|Publication number||US7109994 B2|
|Application number||US 10/441,368|
|Publication date||Sep 19, 2006|
|Filing date||May 20, 2003|
|Priority date||May 20, 2003|
|Also published as||US20040233199, WO2004104995A2, WO2004104995A3|
|Publication number||10441368, 441368, US 7109994 B2, US 7109994B2, US-B2-7109994, US7109994 B2, US7109994B2|
|Inventors||David Bollo, Todd Batty, Sean O'Brien|
|Original Assignee||Electronic Arts, Inc.|
|Export Citation||BiBTeX, EndNote, RefMan|
|Patent Citations (3), Referenced by (5), Classifications (16), Legal Events (4)|
|External Links: USPTO, USPTO Assignment, Espacenet|
1. Field of the Invention
The present invention relates to systems and methods for a stick-type controller, and more particularly, to systems and methods for controlling an animation character based upon a history of positions of the control stick.
2. Description of the Prior Art
Many animation sequences, such as, for example, games, educational activities, interactive storytelling, interactive moving watching, etc., involve the use of some type of input device. These input devices may include keyboards, computer mice, track balls, and joysticks. With these input devices, animation characters or sequences may be controlled in a variety of ways.
With controllers commonly referred to as joysticks, the character or characters may be moved by moving the joystick in various directions and positions. By pressing a single button, or possibly a combination of buttons, an animation sequence may be triggered. However, there are generally numerous possibilities based upon the current state of the animation activity. Thus, by simply pressing a button or combination of buttons, there is no predictable way for a user to initiate a specified animation in a desired situation. Thus, it is generally left to chance or randomness.
The present invention provides a method of controlling an animation character with a controller that includes determining a position of the controller and determining a current state of the animation character. A history of positions of the controller is determined and compared with a set of history patterns based upon the current state of the animation character. An animation sequence is initiated based upon any matched history patterns.
In accordance with one aspect of the present invention, the animation sequence is initiated based upon a first matched history pattern.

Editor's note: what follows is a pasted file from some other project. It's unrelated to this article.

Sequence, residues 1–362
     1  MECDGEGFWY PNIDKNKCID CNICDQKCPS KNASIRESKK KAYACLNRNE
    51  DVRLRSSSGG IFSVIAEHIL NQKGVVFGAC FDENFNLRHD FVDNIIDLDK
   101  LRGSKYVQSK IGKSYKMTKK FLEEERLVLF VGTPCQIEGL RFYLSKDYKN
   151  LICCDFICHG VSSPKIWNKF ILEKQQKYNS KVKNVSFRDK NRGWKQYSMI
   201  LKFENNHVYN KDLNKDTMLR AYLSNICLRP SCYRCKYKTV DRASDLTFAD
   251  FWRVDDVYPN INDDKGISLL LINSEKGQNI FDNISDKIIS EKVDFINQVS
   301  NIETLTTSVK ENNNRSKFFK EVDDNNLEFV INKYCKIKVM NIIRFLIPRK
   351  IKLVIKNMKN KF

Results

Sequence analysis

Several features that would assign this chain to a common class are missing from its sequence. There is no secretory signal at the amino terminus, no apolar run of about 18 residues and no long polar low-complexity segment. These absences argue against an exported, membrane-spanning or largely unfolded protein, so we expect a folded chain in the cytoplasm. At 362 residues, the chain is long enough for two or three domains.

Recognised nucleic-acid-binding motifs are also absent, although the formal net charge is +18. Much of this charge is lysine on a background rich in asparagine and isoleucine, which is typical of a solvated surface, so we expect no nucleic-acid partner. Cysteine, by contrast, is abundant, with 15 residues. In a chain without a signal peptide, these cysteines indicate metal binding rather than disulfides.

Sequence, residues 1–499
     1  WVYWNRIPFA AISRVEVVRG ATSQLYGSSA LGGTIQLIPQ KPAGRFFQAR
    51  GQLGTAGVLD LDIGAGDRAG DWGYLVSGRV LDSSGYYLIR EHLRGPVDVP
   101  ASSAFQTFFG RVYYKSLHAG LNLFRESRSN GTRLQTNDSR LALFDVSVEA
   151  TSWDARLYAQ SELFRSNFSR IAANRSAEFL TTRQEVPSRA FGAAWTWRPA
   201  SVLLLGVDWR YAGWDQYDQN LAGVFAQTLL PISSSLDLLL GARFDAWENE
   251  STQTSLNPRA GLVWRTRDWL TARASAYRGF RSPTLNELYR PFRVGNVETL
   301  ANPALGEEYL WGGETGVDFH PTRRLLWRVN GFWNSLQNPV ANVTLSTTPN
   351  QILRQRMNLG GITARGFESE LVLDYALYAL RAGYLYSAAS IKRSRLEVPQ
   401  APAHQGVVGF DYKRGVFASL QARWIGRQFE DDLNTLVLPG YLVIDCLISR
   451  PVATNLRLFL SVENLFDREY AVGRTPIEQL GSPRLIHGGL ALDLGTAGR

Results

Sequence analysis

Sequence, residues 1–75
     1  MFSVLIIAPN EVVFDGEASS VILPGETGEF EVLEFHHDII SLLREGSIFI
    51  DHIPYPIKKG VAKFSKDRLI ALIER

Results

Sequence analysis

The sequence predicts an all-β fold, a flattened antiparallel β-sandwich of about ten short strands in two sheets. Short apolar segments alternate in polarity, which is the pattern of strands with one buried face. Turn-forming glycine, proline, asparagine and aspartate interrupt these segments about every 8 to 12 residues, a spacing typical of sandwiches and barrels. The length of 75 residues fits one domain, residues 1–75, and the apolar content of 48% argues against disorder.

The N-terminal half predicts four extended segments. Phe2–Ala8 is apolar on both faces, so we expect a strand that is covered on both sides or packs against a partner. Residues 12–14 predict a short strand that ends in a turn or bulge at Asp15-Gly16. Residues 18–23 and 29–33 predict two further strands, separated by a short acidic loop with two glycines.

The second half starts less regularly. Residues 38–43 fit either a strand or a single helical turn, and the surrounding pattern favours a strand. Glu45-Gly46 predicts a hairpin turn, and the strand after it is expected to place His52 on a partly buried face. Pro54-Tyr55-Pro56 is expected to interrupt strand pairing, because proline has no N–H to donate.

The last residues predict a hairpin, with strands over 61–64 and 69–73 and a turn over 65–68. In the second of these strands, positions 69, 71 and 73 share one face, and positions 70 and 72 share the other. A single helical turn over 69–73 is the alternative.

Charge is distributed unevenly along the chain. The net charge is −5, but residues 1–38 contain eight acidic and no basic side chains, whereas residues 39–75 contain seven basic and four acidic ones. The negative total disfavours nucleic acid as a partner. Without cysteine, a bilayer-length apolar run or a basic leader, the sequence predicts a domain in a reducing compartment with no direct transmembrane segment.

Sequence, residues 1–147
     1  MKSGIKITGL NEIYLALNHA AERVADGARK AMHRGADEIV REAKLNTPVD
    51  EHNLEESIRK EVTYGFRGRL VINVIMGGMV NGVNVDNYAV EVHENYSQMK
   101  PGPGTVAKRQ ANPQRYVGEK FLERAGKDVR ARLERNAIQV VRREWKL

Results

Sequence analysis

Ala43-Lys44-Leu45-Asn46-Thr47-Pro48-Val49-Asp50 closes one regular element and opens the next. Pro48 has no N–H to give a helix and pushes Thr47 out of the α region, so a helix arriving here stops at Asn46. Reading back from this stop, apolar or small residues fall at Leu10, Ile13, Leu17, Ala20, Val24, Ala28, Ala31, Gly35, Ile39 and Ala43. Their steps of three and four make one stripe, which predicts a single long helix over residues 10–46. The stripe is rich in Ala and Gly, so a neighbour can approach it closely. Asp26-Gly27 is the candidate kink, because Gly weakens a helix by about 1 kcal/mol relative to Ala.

In accordance with another aspect of the present invention, the history of positions is compared with the set of history patterns in a predetermined order.
In accordance with a further aspect of the present invention, the method further includes determining an amount of time the controller spent in each position for the history of positions and including the amount of time in the comparison.
In accordance with another aspect of the present invention, the amount of time is characterized as one of either long or short.
In accordance with yet another aspect of the present invention, long is defined as greater than or equal to one second.
In accordance with a further aspect of the present invention, short is defined as less than or equal to one second.
In accordance with yet a further aspect of the present invention, positions are classified within one of five zones.
In accordance with another aspect of the present invention, the controller comprises a control stick and these zones are classified as up, down, left, right and center.
In accordance with a further aspect of the present invention, the method further includes applying hysteresis to edges along the zone such that if the controller was previously in a first zone and is now along an edge of the first zone and a second zone, the controller is still deemed to be within the first zone even if it is actually in the second zone or directly on the edge.
In accordance with a further aspect of the present invention, if no history pattern is matched, then control of the animation character is automatically handled by a central controller.
In accordance with yet another aspect of the present invention, the animation sequence comprises a sequence of moves.
In accordance with yet a further aspect of the present invention, the animation sequence comprises a single move.
The present invention also provides a system for executing animation sequences. The apparatus includes a central controller and a display communicatively coupled to the central controller. At least one controller is communicatively coupled to the central controller. Storage is provided within the central controller for storing a history of positions of the controller. Additionally, storage is provided within the central controller for storing a set of history patterns based upon possible states of an animation character. Processing means is also provided within the central controller for comparing the history of positions with the set of history patterns and determining a state for the animation character based upon a current state of the animation character and any matched history patterns.